Defense of mammalian body against heavy metal-induced toxicities: Sequestration by the choroid plexus and elimination via the bile.

Persistent Link:
http://hdl.handle.net/10150/185389
Title:
Defense of mammalian body against heavy metal-induced toxicities: Sequestration by the choroid plexus and elimination via the bile.
Author:
Zheng, Wei
Issue Date:
1991
Publisher:
The University of Arizona.
Rights:
Copyright © is held by the author. Digital access to this material is made possible by the University Libraries, University of Arizona. Further transmission, reproduction or presentation (such as public display or performance) of protected items is prohibited except with permission of the author.
Abstract:
Tissue sequestration and biliary elimination are two of the important mechanisms by which mammalian body defends against heavy metal insults. In rats or rabbits that had received Pb, Cd, Hg, As and ²¹⁰Po, these metal ions were sequestered in the choroid plexus at concentrations of Pb, Cd, Hg, As and Po that were 57, 33, 12, 13 and 5 times higher, respectively, than those found in the brain cortex. In addition, the concentrations of these heavy metal ions were many fold greater in the choroid plexus than in the CSF or blood. The accumulation of Pb in the choroid plexus was dose-dependent and time-related. When the choroid plexus was incubated, in vitro, with ouabain, the latter significantly inhibited the uptake of Cd from the CSF side of the choroid plexus. Cystine concentration was four times greater in the choroid plexus than in brain cortex. Results suggest that the choroid plexus sequesters toxic metal and metalloid ions. It appears to do this in order to protect the CSF and brain from toxic heavy metals in the blood. The effect of N-(2,3-dimercaptopropyl) phthalamidic acid (DMPA), meso-dimercaptosuccinic acid (DMSA) and 2,3-dimercapto-1-propane sulfonic acid (DMPS) on biliary excretion of Cd was studied in rat chronic intoxication mode. DMPA (0.10 mmol/kg, iv), when given to rats three days after exposure to Cd, elicited within 30 min a 20-fold increase in biliary Cd excretion. GSH in rat bile was also increased three fold as compared to control. Neither DMSA nor DMPS increased biliary Cd or GSH. Upon iv administration, DMPA, not DMSA, appeared in bile. An altered, presumably disulfide, form of DMPS was also found in bile. Incubation of DMPA or DMSA with Cd-saturated MT resulted in the removal of Cd from MT. DMPS, however, promoted the formation of MT polymers. DMPA protected biliary GSH from autoxidation. Gel filtration and autoradiographic study of rat bile samples showed that the radioactivity of Cd was correlated with both GSH and DMPA. The evidence supports the mechanism that the increase of biliary Cd by DMPA is the result of DMPA entering cells and removing Cd from MT. Protection of GSH autoxidation by DMPA may facilitate Cd elimination via the bile.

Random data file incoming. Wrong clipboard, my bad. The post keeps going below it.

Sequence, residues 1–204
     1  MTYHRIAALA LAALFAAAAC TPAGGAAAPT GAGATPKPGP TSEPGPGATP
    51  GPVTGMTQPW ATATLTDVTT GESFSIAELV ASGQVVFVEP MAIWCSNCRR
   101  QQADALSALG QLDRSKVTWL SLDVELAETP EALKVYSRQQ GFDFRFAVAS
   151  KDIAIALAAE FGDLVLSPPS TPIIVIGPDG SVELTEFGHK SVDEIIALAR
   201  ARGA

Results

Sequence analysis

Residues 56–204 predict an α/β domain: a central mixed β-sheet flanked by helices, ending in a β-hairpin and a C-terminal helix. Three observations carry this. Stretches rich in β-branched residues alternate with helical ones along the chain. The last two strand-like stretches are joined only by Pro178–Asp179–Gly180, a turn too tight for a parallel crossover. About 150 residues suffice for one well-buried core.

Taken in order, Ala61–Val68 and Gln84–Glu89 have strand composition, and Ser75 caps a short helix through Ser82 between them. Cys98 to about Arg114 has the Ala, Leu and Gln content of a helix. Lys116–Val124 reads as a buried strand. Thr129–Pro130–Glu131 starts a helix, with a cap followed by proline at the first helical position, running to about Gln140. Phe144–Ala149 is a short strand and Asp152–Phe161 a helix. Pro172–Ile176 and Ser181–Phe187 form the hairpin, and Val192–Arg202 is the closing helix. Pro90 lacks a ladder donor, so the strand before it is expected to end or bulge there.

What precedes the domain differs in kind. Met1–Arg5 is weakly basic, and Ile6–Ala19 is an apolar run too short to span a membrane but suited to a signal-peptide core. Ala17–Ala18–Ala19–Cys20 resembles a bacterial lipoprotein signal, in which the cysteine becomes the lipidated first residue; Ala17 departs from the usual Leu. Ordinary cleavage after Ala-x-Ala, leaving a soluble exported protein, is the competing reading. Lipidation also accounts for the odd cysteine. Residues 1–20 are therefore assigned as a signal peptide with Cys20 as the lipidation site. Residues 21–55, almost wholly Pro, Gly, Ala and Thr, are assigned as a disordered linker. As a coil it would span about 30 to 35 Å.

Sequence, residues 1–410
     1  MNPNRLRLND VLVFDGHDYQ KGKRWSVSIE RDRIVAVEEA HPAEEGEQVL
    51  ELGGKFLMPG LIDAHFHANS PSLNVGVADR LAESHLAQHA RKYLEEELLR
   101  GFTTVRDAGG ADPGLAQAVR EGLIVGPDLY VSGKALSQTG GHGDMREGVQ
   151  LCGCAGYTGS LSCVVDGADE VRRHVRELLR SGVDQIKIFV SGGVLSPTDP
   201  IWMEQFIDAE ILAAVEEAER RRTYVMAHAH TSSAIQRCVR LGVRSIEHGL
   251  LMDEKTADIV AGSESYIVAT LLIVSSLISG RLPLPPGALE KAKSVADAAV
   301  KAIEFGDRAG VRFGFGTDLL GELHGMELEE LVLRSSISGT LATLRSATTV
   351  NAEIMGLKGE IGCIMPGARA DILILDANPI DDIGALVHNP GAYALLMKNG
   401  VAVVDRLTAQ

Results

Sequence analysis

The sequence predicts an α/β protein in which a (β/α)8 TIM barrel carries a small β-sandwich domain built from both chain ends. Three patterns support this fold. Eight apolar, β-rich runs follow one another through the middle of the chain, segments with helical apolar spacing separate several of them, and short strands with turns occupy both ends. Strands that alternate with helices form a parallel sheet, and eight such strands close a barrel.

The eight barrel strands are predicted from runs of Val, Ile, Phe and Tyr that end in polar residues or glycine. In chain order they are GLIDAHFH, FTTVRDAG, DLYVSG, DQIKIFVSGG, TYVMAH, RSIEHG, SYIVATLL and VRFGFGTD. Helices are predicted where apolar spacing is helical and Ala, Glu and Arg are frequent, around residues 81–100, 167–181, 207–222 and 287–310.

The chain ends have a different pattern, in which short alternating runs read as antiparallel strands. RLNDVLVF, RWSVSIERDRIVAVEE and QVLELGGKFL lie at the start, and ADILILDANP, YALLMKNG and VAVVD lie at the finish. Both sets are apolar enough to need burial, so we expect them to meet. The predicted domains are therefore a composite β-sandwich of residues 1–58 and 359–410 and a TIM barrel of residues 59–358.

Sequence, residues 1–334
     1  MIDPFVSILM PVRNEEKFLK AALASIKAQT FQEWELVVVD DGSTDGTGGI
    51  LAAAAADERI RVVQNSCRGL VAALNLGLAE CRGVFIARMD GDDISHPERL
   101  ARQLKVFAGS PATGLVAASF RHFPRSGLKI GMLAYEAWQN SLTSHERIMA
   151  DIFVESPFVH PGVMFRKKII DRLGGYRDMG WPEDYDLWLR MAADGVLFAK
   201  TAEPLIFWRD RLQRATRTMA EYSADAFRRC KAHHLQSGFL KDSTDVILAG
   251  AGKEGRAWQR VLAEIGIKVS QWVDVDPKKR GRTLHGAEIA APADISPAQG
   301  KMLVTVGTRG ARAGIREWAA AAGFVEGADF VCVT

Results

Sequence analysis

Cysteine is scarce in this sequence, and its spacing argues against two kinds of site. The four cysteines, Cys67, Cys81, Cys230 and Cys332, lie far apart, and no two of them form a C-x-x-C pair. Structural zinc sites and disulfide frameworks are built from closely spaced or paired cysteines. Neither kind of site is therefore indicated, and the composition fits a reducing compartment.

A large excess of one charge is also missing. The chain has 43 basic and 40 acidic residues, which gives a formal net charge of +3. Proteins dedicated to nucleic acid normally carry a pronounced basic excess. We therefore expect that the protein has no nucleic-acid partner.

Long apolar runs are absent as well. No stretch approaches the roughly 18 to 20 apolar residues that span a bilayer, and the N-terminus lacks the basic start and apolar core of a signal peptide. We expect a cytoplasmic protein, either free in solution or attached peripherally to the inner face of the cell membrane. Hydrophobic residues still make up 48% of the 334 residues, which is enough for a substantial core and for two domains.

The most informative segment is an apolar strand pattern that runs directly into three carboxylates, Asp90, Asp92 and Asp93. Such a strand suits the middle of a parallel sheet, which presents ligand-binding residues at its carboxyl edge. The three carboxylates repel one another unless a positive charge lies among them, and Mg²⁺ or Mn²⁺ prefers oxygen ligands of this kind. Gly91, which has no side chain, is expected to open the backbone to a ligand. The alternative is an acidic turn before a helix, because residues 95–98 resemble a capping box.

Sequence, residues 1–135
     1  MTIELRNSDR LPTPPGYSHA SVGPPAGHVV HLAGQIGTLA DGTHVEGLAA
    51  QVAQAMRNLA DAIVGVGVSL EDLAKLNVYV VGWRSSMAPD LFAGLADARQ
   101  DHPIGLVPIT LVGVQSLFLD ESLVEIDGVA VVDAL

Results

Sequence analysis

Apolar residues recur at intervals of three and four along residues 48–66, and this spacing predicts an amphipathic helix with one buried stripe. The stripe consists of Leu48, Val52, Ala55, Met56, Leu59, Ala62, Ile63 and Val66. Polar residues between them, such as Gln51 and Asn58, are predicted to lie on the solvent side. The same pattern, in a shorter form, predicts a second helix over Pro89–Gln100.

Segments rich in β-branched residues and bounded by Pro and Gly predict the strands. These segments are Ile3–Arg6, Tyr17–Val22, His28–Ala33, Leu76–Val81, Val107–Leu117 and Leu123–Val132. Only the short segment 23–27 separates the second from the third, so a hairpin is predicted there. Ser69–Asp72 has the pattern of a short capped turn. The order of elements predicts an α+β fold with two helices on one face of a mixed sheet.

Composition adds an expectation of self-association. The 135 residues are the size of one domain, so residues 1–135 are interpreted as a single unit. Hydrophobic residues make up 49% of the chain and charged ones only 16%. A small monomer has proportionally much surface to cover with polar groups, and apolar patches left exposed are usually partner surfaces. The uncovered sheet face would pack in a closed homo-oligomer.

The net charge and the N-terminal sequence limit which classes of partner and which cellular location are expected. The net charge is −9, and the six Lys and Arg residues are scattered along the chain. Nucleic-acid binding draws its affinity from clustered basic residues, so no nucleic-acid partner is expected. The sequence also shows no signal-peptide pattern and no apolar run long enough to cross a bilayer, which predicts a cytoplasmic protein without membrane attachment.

Type:
text; Dissertation-Reproduction (electronic)
Keywords:
Dissertations, Academic; Metals -- Toxicology.
Degree Name:
Ph.D.
Degree Level:
doctoral
Degree Program:
Pharmacology and Toxicology; Graduate College
Degree Grantor:
University of Arizona
Advisor:
Aposhian, H. Vasken

Full metadata record

DC FieldValue Language
dc.language.isoenen_US
dc.titleDefense of mammalian body against heavy metal-induced toxicities: Sequestration by the choroid plexus and elimination via the bile.en_US